• Endurance: After all these years my blue travel mat still wins the day.  Weighing in at 1-2 pounds, you can carry it to the park, practice on it from sun up to sun down, fold it in half, then machine wash at night.  And surprisingly it still comes out looking like new!  After 10+ years of consistent use it only has minor wear and tear markings.  Although the retail cost of a Manduka Pro is listed for $108, the most expensive by far, it is the only one backed by a lifetime guarantee.  It is easy to see why.  If used respectively, I’m convinced that my Manduka will last upwards of 30 years!  However, it weighs a hefty 7 pounds and cannot be machine washed.  For the past 1.5 years ‘The Mat’ has been a reliable practice surface.  And its medium level weight of 3-4 pounds makes it light enough for easy carrying, yet heavy enough for serious use.  Be forewarned, cosmetic wear marks will develop on its smooth surface after one month of consistent use.  Based on its high quality materials and rugged construction I expect to get another 10 years of life out of it.  Lastly, the 1/2-1 pound bargain foam mat practically disintegrates upon contact.  I doubt it would last more than 1 year if truly put to the test.

*** blue nylon mesh, *** Manduka, *** Lululemon, * bargain store foam

yoga_mats

From Left to Right: The Manduka Pro, blue nylon mesh, bargain foam mat, and Lululemon’s “The Mat”

Unlike a guitar, I doubt you will be able to try out a mat before you buy it.  Therefore, it is in my view a good practice to keep a running list of criteria, similar to those which I presented above, in order to give yourself a framework for fair comparison.  For instance, price may be one of your big three.  I did not include price as a major criterion for my review, largely because I tend to feel that you get what you pay for, be it a $10 checkout line bargain or substantial wellness investment.  What happens on top of the mat is worth so much more anything below your feet.  That said, I hope you find a satisfactory mat which fits your practice, be it your first, fourth, or 108th.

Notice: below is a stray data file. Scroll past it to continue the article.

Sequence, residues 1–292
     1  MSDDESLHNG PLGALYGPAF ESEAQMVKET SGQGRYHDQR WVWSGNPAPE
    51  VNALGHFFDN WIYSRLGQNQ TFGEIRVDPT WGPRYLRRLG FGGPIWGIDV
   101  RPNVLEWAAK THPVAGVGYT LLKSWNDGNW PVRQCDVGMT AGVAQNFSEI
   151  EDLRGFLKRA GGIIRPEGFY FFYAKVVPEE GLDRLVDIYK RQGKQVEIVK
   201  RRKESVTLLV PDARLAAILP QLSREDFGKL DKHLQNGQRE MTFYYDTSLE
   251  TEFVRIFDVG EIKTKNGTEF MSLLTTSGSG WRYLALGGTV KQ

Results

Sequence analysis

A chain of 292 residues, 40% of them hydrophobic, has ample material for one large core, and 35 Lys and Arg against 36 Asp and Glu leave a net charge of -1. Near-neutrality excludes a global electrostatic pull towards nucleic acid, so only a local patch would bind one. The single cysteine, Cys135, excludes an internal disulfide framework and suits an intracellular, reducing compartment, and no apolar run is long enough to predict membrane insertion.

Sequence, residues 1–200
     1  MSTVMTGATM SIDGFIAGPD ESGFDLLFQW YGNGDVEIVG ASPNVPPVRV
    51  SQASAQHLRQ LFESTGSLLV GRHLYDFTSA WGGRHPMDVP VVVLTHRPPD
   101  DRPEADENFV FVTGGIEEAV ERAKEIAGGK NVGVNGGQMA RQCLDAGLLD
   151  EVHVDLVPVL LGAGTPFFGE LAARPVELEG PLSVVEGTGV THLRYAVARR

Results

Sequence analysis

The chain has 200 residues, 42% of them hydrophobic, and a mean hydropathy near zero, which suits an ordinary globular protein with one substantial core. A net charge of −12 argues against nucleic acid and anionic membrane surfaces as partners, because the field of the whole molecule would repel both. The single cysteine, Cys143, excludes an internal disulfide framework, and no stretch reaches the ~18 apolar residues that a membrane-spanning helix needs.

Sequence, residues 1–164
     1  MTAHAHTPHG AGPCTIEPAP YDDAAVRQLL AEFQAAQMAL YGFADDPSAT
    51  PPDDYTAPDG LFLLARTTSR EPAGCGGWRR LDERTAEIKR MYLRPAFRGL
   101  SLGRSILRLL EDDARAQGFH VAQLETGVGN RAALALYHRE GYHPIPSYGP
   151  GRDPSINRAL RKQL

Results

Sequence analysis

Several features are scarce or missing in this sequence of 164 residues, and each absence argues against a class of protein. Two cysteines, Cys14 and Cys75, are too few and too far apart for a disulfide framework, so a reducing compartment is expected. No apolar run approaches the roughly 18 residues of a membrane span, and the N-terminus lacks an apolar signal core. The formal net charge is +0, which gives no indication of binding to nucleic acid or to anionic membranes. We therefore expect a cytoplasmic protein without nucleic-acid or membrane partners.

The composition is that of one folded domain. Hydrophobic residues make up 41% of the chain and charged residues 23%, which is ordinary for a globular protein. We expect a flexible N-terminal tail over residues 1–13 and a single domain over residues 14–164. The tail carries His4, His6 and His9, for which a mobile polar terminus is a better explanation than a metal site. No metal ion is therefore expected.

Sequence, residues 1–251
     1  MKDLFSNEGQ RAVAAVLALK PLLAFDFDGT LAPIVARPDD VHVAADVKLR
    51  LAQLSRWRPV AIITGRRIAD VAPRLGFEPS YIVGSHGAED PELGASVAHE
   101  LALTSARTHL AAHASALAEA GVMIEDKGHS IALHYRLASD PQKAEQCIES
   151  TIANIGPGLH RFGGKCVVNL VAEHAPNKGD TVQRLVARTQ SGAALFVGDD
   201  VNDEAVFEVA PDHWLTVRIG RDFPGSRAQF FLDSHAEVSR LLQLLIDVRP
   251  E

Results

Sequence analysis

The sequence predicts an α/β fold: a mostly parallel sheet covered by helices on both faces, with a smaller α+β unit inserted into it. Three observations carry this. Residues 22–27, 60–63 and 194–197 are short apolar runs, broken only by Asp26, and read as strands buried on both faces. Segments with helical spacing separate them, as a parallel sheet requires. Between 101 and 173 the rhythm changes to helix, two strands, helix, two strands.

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2 thoughts on “The Ultimate Yoga Mat Review!

  1. bryan this article is both informative and entertaining – your personality comes across so well in this piece – so fun! I love it. couple things – you don’t mention the maker on your travel mat? who makes that one. also you know what, I bought my son a cheaper manduka – it was about $30, and I actually took it over from him (we share it) – for the grip. I think it is called a manduka liveon 3 mm – pretty sure. yeah it is thin – but damn light too – and cheap. great for a kid or a light person. they make a 5 mm with same practice surface – and it is that surface that is amazing – it is super fine porous -great grip.

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    1. I purposely did not mention too much information about my blue mat because it is not a branded product. Thanks for giving me the perfect opportunity to elaborate further. It’s a nylon mesh reversible mat purchased from Yoga Vermont. I presume that Kathy McNames bought bulk material and was cutting these DIY then selling them from the old studio at the Chace Mill. It is similar to the studio loaner mats but softened from machine washing and regular use. If you’re interested in purchasing something similar I would talk to Kathy. It’s not quite like anything you’re likely to find online.